The Big Maple Leaf

Twisted Epiphytes

Photo © copyright by Adam Gibbs.


West Coast Guitar Series

All guitars in the West Coast Series only use locally harvested woods from the west coast of BC. From Vancouver Island to the Skeena River, BC has the largest biomass per square meter in the world. The BC Raincoast is responsible for some of the most important tone woods used today in musical instruments. I would personally LOVE to get more experience playing instruments restricted to local Raincoast and Boreal forest woods. The few I have played have been SPECTACULAR!! I look forward to showcasing the power of the Raincoast and its incredible history here at Symphontree Music: in word, wood, and song.


 Big Leaf Maple: Acer macrophyllum

  • Specific Gravity: .54
  • Avg. Weight Per Board Foot: 3.25 lbs
  • Color Range: Creamy White (Sap) – Yellow – Orange (Heart)
  • Typical Width: 4″ to 18″ – some times up to 60″ inches wide
  • Typical Length:4′ to 12′ feet – some times up to 16′ feet

 

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Big leaf Maple carries a greater load of mosses and other plants than any other tree species in the Raincoast. Most of the time the bark is not even visible on the outside of the trees. The moss can become so thick that it becomes soil into which roots of other species can sprout and grow and thrive.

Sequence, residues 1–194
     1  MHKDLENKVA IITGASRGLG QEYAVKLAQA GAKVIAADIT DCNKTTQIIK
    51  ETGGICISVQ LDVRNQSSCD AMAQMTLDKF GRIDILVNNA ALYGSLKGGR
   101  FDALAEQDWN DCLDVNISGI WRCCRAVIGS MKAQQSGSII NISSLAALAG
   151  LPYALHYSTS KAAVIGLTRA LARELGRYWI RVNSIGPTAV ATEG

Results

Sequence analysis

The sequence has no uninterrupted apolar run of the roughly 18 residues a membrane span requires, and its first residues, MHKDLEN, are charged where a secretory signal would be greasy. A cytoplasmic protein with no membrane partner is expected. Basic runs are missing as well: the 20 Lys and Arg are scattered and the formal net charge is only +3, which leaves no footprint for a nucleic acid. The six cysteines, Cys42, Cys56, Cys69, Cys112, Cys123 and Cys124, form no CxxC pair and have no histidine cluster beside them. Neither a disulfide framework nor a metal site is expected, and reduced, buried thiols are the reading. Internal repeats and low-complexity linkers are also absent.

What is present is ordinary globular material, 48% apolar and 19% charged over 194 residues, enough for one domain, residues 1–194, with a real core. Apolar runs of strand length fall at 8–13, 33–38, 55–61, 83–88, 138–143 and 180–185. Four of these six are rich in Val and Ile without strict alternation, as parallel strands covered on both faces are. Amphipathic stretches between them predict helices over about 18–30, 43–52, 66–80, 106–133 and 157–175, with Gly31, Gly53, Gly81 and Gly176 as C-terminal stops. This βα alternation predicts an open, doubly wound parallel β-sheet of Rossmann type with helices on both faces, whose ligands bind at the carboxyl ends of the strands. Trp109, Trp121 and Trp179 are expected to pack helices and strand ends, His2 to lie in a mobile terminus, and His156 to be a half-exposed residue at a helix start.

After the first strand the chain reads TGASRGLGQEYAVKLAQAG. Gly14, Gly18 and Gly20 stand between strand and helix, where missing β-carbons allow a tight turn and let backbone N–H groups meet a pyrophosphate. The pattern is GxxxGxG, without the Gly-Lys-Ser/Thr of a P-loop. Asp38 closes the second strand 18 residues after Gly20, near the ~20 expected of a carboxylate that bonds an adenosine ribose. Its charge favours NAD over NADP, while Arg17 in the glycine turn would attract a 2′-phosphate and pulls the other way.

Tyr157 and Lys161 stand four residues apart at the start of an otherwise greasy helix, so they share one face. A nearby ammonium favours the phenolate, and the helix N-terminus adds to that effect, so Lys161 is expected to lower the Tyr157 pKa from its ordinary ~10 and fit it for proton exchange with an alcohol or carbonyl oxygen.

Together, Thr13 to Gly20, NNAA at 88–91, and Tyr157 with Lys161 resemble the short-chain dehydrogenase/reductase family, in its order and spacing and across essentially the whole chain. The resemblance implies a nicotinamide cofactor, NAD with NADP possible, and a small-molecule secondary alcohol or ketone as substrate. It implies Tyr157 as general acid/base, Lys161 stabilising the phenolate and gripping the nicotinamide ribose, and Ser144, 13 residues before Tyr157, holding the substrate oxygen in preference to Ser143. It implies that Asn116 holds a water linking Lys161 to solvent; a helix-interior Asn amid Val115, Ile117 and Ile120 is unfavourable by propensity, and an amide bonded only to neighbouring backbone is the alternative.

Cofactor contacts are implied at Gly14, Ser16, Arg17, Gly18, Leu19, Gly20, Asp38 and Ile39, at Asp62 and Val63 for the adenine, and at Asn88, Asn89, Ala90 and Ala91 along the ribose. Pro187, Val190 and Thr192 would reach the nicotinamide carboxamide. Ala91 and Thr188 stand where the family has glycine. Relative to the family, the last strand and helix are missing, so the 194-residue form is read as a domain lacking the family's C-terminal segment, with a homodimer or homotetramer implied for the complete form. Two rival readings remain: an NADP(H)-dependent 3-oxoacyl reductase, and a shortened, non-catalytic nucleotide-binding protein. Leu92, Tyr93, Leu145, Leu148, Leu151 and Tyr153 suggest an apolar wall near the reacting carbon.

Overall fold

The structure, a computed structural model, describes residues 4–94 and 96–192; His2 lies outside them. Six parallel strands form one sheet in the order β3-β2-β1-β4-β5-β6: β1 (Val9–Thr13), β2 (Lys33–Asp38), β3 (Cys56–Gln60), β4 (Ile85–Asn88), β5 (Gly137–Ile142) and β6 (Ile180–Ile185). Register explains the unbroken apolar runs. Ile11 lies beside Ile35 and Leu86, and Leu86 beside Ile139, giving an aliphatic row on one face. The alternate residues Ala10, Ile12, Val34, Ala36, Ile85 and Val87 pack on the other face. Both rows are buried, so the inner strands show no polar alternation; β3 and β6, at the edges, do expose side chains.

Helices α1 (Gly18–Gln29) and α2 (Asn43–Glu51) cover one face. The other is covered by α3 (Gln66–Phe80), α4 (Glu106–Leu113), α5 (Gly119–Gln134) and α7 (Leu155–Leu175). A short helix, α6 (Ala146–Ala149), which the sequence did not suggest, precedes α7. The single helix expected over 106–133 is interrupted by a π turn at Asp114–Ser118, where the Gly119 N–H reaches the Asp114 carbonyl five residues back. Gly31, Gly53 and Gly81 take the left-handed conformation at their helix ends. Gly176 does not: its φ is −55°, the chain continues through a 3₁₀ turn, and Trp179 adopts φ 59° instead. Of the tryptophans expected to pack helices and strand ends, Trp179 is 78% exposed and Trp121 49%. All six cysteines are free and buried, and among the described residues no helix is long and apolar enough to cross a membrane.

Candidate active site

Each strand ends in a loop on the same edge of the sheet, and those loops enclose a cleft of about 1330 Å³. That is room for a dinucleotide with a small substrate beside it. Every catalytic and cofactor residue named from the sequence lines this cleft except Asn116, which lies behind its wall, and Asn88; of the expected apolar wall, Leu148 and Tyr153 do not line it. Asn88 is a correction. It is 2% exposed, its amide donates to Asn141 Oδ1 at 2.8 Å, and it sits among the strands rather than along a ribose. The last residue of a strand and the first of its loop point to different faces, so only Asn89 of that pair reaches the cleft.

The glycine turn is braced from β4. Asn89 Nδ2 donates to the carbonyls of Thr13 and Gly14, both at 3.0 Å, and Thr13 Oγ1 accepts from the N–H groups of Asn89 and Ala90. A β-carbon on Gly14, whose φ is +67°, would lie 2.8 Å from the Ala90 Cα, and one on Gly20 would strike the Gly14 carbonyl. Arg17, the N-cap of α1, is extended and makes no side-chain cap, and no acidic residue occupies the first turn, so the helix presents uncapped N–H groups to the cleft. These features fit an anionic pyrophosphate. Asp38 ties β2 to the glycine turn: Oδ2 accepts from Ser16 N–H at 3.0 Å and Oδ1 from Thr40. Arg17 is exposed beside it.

The Saanich First Peoples used preparations from Maple to make an internal medicine and to treat sore throats. The leaves were rubbed on boys’ faces when they hit puberty as to slow down the growing process of facial hair.


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The Maple is called the “Paddle Tree” by many First Peoples as it was commonly used to build paddles. It was also used for spindle whorls and various other implements.


 

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The big leaves were used to make temporary containers to store food. The sprouted seeds were eaten by many First People as well. The sap can be made in Maple syrup although this was not done by aboriginals of the land.


 

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Maple has been widely used as a tonewood across the globe. It is a highly dense and reflective wood yielding a loud, projective, and sustained tone with a slightly darker and warmer tone. Maple is used as the primary back and sides of Archtop instruments such as guitars, mandolins, violins, violas, cellos and many more. Maple happens to be the only wood used in the violin family.


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